Saturday, August 27, 2016

Devotional Thought : Jeremiah 9:25-26

"The days are coming," declares the Lord, "when I will punish all who are circumcised only in the flesh — Egypt, Judah, Edom, Ammon, Moab and all who live in the wilderness in distant places. For all these nations are really uncircumcised, and even the whole house of Israel is uncircumcised in heart." Jeremiah 9:25-26

People sometimes mark their bodies with a tattoo to signify a particular achievement or a significant person. Likewise circumcision signified a person's commitment to God but the physical sign meant nothing if their lives were characterised by immoral living. Even in Jeremiah's time there was an understanding that circumcision needed to be more than physical.

Paul explains in Romans 2, "Circumcision has value if you observe the law, but if you break the law, you have become as though you had not been circumcised ... A person is not a Jew who is one only outwardly, nor is circumcision merely outward and physical. No, a person is a Jew who is one inwardly; and circumcision is circumcision of the heart, by the Spirit, not by the written code (Romans 2:25, 28-29).

It is the state of our hearts that matters not the external thing we do to our bodies or the activities we engage in but rather our heart attitude toward God.

These days baptism has become the outward sign but the inward change still comes by the Spirit. As we allow God's Spirit to work in our lives his promise is, "I will put my laws in their minds and write them on their hearts" (Hebrews 8:10). We are inwardly motivated to pursue holiness by God's Spirit working in us.

The written code wasn't enough to change people in Jeremiah's time and it's not enough now. We need God's Spirit to write on our hearts.

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Thursday, August 25, 2016

Book Review : Gentlemen Formerly Dressed

Gentlemen Formerly Dressed by Sulari Gentill is a murder mystery featuring Rowland Sinclair. It is the fifth in the series. I haven't read any of the others and this was not a problem. Sinclair becomes involved in a murder investigation when he realizes their prime suspect, a young girl, is most unlikely to have committed the crime.

The story is a little slow moving at times, but quite interesting as it is set at a significant time in British history shortly before World War 2. The author has cleverly used this history as a backdrop. I probably would have enjoyed it more if I had a better appreciation of British politics and of the peerage. Many of the characters had more than one name due to the fact they had received a title which was a little confusing at times. Each chapter began with a historical newspaper cutting from the era. Some of these I found added to the story but others were a bit long and distracting. Despite these minor issues I did enjoy the story. The main characters were believable and well-drawn and I found the interplay between characters well done.

I also liked the humour, not that it was laugh out loud funny, but rather subtle and well placed. It kept the book on a light hearted note rather than being bogged down with politics and history.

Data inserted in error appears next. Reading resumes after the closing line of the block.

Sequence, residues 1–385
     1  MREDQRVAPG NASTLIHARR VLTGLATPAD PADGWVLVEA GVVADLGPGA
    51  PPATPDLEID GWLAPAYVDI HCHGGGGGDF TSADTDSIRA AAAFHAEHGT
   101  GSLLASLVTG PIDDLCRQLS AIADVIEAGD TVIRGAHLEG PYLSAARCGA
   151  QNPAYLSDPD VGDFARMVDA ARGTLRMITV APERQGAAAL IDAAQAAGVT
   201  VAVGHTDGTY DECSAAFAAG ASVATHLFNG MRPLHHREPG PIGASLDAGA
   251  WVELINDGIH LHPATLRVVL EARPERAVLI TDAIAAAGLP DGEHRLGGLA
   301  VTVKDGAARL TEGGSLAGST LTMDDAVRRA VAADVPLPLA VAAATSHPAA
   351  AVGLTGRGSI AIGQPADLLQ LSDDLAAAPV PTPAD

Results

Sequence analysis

I read this as part of a book club and overall it was an enjoyable read.

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Tuesday, August 23, 2016


Once someone unexpectedly gave me a birthday present, my first thought was, when is their birthday? Have I missed it? My reaction wasn't gratitude but reciprocation. It seems to be a natural response to repay people for their kindness, but it's also deeper than that. In my case, I actually don't want to feel indebted to them. Yet, rather tellingly, I don't feel the need to reciprocate if it's my husband or children who unexpectedly give me a gift. My relationship with them is more intimate. I know their heart and their motive. I know they won't take offence if I don't respond in kind.

Likewise our relationship with God is to be on that level of intimacy where we know God's heart towards us. When God gives us the gift of salvation he wants us to accept it the same way as we accept gifts from our loved ones.

He wants our response to be one of love and gratitude, knowing reciprocation is impossible.

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Saturday, August 20, 2016

Devotional Thought : Jeremiah 7:4-5, 7

Do not trust in deceptive words and say, "This is the temple of the Lord, the temple of the Lord, the temple of the Lord!" If you really change your ways and your actions and deal with each other justly… then I will let you live in this place, in the land I gave your ancestors for ever and ever. Jeremiah 7:4-5, 7

King Josiah had been a good king who brought about a number of reforms, restoring the temple and removing idols (2 Kings 23). However these changes did not last after Josiah's death. Judah's repentance was superficial, it wasn't a heart-changing revival. Josiah's reforms restored the ceremonial functions of their beliefs but people were worshipping idols in the privacy of their homes and oppressing the poor (v. 6). Their actions didn't line up with their stated beliefs.